1. Gretchen Geser says:

      Catherine, Thank you liking my post! I’ve become obsessed with understanding the Common Core. I think we authors will benefit from taking the bull by the horns on this one.

  2. Lyn Miller-Lachmann says:

    This is very useful, Gretchen! I’ve bookmarked it for when I put together my teacher’s guide for Rogue. I’m also looking to update my guide for Gringolandia for the new standards, but I didn’t see Common Core Standards for high school Global Studies. I know schools are trying to use literature across the curriculum, though, so maybe they’ll include guidelines for social studies and science as well.

    1. Gretchen Geser says:

      Thank you, Lyn. I just visited your site and was impressed by the ideas/materials you’ve already made available to teachers. And I’ve been hearing a lot about ROGUE; I’ve been meaning to read it.

      I see what you mean about lack of standards for Global Studies. How about the “Stories” category on this page: http://www.corestandards.org/ELA-Literacy/standard-10-range-quality-complexity/range-of-text-types-for-612. But I don’t know… I haven’t read your books, so I’m probably missing the mark.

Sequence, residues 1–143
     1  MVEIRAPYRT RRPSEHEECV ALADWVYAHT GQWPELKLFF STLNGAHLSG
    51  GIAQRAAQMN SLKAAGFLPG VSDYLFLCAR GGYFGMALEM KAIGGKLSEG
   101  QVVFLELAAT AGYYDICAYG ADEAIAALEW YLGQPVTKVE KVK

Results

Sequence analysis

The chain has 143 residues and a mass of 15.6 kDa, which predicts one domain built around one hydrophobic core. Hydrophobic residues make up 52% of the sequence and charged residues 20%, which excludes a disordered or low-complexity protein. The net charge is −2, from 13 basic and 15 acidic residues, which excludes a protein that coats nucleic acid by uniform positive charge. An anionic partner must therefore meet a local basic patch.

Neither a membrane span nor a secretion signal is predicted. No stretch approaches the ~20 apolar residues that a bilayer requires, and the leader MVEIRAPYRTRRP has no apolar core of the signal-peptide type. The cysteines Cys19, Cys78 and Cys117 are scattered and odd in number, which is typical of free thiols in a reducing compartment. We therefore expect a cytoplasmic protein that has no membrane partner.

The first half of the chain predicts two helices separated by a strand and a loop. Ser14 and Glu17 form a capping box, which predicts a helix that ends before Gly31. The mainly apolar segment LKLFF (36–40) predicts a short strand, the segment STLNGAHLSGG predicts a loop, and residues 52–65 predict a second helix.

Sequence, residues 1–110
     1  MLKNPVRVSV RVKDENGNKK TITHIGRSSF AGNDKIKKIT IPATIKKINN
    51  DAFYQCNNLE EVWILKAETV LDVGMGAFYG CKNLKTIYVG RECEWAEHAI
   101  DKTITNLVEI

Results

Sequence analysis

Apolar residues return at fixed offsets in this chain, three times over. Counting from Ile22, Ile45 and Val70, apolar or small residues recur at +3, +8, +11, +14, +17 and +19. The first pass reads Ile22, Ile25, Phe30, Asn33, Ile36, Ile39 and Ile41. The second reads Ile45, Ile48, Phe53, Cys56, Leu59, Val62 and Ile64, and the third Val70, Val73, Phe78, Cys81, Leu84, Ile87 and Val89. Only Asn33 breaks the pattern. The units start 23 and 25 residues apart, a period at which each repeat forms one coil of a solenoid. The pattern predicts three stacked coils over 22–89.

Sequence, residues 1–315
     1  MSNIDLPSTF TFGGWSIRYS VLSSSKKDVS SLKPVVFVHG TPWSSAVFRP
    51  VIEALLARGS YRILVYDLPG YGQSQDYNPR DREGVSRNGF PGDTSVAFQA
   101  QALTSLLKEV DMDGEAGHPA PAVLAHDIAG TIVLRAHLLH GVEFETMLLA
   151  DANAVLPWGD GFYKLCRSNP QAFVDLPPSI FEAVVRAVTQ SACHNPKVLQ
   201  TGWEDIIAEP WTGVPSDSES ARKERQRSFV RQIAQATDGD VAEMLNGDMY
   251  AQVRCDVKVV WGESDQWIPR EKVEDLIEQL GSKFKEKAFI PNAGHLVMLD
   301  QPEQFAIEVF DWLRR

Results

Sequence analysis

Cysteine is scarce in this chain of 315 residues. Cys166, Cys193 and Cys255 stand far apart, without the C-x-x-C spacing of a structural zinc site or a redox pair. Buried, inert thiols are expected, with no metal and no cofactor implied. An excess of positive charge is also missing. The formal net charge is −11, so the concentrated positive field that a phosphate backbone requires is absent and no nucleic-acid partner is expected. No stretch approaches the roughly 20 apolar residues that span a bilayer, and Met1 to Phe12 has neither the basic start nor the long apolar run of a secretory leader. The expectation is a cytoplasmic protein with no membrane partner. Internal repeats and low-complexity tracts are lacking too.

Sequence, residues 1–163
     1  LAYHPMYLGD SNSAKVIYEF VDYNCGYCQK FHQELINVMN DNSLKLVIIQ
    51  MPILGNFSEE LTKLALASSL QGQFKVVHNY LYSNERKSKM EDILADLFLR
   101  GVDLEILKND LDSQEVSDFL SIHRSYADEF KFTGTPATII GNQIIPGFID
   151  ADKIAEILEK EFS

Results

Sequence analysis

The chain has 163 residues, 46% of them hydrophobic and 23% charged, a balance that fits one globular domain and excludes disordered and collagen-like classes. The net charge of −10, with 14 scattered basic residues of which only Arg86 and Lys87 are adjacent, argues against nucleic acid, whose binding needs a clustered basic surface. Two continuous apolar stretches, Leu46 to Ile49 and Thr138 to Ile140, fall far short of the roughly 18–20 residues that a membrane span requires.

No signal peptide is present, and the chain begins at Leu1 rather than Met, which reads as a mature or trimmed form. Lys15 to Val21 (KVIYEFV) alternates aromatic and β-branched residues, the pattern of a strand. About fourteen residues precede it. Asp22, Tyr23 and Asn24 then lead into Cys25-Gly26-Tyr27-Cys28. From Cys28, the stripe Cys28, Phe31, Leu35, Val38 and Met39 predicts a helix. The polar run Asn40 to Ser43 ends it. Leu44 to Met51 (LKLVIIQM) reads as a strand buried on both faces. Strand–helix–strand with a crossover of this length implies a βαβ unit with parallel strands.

1. Lyn Miller-Lachmann says:

        Thank you, Gretchen! I’m thrilled that word is getting out on ROGUE. The link you gave me is exactly what I need, because GRINGOLANDIA is a work of historical fiction, set in Chile and the U.S. in the 1980s.

  3. S L J says:

    Maybe it’s part of a larger school system problem, but I look at these questions and see an interesting book being made … less interesting by being turned into a series of didactic, less interesting questions to be answered, and I worry even young children will see it.

    This isn’t a new problem with books in the classroom at all, but while questions like that may encourage school visits … will they make children love the book?

    Of course if there’s no school visit fewer kids get the chance to live the book, so the answers aren’t straightforward. But I hate how our education system persistently and increasingly teaches that books aren’t fun or exciting, but merely a series of tedious questions to be answered, and would love to see writers somehow be an antidote to this rather than part of the problem.